Having started a clinical trial which is being run from a remote NHS Trust, I am considering switching from my local NHS Trust for my basic MS care.
It would seem to make sense as although Research team for the Clinical Trial are separate from the Operational team at the “new” place, there should be benefits of continuity / less duplication, e.g.
- At top level, the consultant heading the trial also heads the MS Team for that hospital
- Get review appointments to coincide with Trial appointments
- MRI’s etc. can be shared.
- Infusions for trial done in same room as the Trust patients.
Also, Local NHS Trust MS Team have already suggested I talk to Trial Trust when I asked about some pain meds as they wouldn’t want to prescribe anything conflicting. Feels like they’ve already pulled back from me.
However, I’d still want certain things to be done locally e.g. Urology, Physiotherapy.
So what should the protocol be? I’ve spoken informally to the Trial Trust and they have said No Problem.
- Should I approach my GP Surgery as they are the commissioner for providing the service?
- Has anyone else done this and what were the pro’s & con’s?
I have no ideas to give you, but it does seem to make sense for you to do that.
Update: made the change and it’s chalk & cheese! New NHS Trust is proactive, updates results & meeting notes within a couple of days instead of a couple of months and sound genuinely interested, friendly and helpful. The previous one was reactive, hid behind emails and answering machines and the consultant took many weeks to turn around meeting reports and next actions.
So NHS Trusts DO VARY considerably in performance. I’m sure there’s a back-story, like staff resource issues but am sure it’s a question of management too.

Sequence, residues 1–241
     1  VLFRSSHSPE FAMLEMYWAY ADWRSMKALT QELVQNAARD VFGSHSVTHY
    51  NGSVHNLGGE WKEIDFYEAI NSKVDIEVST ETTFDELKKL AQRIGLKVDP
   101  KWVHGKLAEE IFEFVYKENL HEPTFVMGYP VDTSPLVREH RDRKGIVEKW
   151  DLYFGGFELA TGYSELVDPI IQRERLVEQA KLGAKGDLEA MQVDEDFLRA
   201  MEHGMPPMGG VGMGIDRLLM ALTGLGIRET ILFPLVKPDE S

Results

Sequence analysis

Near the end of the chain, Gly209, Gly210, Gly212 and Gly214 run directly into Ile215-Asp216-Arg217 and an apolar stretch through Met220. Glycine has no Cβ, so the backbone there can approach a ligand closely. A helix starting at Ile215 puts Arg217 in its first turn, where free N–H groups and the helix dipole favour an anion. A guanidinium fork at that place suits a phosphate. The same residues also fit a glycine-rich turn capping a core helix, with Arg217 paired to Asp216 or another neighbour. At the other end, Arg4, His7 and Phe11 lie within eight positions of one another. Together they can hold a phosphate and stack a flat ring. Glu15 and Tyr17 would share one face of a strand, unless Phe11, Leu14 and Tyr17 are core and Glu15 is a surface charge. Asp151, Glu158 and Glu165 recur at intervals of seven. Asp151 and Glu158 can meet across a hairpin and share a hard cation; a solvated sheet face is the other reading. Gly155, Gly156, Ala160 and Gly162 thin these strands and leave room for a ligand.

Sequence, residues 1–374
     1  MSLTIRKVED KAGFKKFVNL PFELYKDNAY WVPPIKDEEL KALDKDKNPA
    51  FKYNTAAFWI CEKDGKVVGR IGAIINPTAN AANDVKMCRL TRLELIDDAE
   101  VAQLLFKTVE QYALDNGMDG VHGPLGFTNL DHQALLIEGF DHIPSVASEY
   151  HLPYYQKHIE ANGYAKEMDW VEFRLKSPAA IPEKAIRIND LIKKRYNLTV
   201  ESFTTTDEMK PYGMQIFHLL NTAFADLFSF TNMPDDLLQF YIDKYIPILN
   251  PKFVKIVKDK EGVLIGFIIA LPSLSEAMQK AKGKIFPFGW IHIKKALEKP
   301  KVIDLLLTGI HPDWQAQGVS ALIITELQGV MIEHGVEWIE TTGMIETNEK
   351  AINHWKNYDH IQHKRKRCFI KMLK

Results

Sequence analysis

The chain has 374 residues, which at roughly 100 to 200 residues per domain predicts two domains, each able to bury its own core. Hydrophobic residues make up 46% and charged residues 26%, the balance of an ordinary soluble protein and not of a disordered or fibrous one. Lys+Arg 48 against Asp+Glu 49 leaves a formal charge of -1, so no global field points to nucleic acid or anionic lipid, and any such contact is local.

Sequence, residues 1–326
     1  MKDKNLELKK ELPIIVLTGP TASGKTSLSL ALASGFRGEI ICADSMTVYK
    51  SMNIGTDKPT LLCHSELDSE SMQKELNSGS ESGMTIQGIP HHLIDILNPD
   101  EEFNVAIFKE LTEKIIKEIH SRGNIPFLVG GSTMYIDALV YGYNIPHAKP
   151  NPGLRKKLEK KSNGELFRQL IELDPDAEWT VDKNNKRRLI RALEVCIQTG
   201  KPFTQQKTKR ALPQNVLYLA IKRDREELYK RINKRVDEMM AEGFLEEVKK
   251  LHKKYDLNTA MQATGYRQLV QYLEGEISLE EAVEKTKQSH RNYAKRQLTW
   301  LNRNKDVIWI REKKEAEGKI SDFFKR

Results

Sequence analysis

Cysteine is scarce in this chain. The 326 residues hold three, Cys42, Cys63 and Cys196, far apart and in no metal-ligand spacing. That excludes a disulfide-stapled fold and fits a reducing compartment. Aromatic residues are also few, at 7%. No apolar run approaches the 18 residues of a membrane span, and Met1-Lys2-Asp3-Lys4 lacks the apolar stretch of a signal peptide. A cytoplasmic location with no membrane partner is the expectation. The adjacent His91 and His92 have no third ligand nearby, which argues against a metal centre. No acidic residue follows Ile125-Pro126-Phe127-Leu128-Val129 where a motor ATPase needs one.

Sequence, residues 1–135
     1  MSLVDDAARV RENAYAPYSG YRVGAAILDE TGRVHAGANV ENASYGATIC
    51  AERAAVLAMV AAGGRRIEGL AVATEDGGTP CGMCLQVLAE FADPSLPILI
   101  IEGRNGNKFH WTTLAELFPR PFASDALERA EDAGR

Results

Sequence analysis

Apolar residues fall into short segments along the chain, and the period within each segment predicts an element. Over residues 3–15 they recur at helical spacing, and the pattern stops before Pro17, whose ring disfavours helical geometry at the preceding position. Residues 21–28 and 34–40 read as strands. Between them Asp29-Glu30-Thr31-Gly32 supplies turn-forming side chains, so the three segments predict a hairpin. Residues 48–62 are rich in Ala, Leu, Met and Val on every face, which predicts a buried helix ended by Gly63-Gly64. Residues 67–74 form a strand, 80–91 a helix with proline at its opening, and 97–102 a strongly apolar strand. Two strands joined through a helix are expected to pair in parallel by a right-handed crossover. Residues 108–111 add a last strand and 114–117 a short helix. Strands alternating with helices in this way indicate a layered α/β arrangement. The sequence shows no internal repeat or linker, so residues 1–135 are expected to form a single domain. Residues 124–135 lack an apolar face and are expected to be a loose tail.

Are you still on the trial? How are you getting on?
My trust seems like your old one slow turn around on results and almost secretive! (Paranoia much!) I’m glad you are getting somewhere where you are now.
No, trial terminated after a few months. It was for one of the new BTK inhibitors but it seems they (there are 4, I think, trialling currently) have a tendency to spike the liver function in some people (under 10%, more than 1%) and I’m one of them.
As luck would have it, though an awful sort of luck, new active lesions have been found in brain & spine, so I’m now eligible for ocrelizumab. Originally, I was ineligible for ocrelizumab because there were no active lesions showing on the MRI’s, even though disease progression was obvious. A case oif “Smouldering” MS. That’s the NICE rules in the UK for approving ocrelizumab…
So two things will be intriguing in the next few months:
- will the ocrelizumab slow my progression?
- I’m wondering if the original NHS Trust missed the new lesions for some of the 2 years I was with them (which would suggest negligence) or if the newest MRI really is the first manifestation of these new lesions. We’ll see…
good luck with ocrelizumab, I hope it really helps you.
I really hope they did not miss new lesions. Do you have copies of the old MRIs
Was the latest MRI done on a better, higher resolution machine?
I don’t know - yet. The answer to that could be significant.